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  1. Default two people, one year in a vw westie camper, no destination

    hello :)

    last year, my boyfriend was bitten by the wanderlust bug while traveling around the country for seven weeks with his friend in a van. i wanna know what it feels like to drive into the sunset and know that i dont have to turn around.

    in two years, we plan to spend a year on the road, living out of a 71 westfalia (in great running condition), with only a gps as our guide. we plan on starting with two weeks in the florida keys, followed by who knows? we plan on using the trip as a way to find where (or if!) we should park the westie and find a roof to put over our heads.

    we would also like to do this a cheaply as possible. sometime during my boyfriends roadtrip, cash became an issue, after which he relied on credit cards. the plan is to have ZERO debt going into this trip, and spending only cash with a credit card for ABSOLUTE emergencies. we want to make all of our own meals, only stay at motels for showering purposes, and pretty much be all around self reliant.

    i'm a massage therapist with a national license, so depending on the state, there is a chance for income. we also plan on attending a few summer music and art festivals (burning man, being one of the reasons for the trip) where we can sell of barter clothes and jewelery i make.

    we really both love the outdoors, and plan on tent camping at a few national parks. the national park pass i read about on another post is a great idea!

    what do you find (besides gas) is your biggest expense? are there any places where we could shower for free? or at least cheaper than a days rate a motel. what is the best way to cut down on food costs? buying in bulk or buying fresh as needed?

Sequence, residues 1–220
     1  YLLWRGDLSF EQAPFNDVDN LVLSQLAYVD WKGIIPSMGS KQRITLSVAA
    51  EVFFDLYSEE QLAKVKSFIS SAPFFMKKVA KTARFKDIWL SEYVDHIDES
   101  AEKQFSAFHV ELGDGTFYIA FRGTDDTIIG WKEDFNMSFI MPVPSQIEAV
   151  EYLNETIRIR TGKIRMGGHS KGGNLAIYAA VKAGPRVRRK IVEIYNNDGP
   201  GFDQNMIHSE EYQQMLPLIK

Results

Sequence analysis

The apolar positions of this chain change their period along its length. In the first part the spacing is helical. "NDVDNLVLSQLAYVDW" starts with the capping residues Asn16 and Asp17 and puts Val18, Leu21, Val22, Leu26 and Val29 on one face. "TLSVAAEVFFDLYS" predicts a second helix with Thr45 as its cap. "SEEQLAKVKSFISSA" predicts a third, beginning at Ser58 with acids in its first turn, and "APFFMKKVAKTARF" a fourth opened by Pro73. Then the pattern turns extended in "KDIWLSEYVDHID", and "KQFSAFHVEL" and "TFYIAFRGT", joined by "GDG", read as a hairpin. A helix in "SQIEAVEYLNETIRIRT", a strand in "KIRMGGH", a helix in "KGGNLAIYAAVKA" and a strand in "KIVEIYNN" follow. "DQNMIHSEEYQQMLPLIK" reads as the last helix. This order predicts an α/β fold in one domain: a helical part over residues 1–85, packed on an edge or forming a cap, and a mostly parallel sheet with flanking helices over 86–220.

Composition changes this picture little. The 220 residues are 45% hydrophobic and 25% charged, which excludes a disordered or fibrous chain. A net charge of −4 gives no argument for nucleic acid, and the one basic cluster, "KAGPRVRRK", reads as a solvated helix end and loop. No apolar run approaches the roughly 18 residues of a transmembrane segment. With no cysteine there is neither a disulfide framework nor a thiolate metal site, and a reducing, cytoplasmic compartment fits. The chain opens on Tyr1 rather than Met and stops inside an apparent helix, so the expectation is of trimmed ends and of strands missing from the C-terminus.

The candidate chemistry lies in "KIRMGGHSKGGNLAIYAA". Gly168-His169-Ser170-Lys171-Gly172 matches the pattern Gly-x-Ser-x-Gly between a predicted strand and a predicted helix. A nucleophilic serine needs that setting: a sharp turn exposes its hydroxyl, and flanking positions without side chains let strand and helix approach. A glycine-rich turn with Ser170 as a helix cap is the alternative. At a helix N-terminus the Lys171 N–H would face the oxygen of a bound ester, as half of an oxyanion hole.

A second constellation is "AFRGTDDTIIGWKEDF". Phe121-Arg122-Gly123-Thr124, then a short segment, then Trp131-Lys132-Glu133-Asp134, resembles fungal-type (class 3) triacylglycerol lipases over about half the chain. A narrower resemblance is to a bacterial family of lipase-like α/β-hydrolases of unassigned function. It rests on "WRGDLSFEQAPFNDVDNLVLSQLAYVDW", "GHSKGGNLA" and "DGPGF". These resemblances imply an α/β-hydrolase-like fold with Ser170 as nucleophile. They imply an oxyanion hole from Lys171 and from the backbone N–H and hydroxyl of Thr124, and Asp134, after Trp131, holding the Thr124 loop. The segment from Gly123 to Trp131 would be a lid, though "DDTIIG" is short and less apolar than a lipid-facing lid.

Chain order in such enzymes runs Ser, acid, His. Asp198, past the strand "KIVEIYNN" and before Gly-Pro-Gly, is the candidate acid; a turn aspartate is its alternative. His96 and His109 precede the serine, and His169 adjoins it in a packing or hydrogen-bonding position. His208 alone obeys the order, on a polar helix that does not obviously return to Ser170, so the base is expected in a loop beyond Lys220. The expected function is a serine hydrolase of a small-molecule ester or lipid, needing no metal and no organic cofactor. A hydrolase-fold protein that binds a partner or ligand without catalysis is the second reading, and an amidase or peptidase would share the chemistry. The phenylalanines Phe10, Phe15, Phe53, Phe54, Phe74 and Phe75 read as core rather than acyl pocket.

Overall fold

we want to make this trip proof that we can enjoy life for all the beauty and wonder the earth has to offer, to find fulfillment in things that have no monetary value.

  2. #2
    Join Date
    Oct 2008
    Location
    Joplin MO
    Posts
    9,270

    Default

    You can shower for about $10 at most truck stops. Stick to the big chains (Flying J, TA, Petro, Pilot) and make sure you wear shower flip-flops.

    [Here's an article with more information about Truck Stop Showers]
    Last edited by Mark Sedenquist; 11-23-2008 at 09:55 AM. Reason: added link to a resource article

  3. #3

    Default Year long road trip

    We took a year long trip too - you will never regret it - it will be in your memories forever. We traveled in all 48 contiguous states, went to all 43 NP and had the time of our lives. We also used a small van - be it more outfitted than a Vanagon - we took a PleasureWay Class B Motorhome. We have also had a Roadtrek - both are very nice, you might take a look at older ones of those, they would certainly be more comfortable and have a full bath on board. But, we were on the other end of our life spectrum from you - we had just retired and wanted to see the US before we couldn't physically do it!

    Our budget was much different than yours - no more "shoestrings" at our age! - but there are lots of things you can do to economize. Your top 5 expenses will probably be: food, "lodging" (campgrounds, motels on occasion, shower spots, etc.), gas and maintenance (remember - you'll have to have/do service on the van much more often due to covering so much territory), attractions/entertainment (entry fees, NP pass, etc.) and staying in touch types of things (cell phone, internet, pictures, postcards, etc.).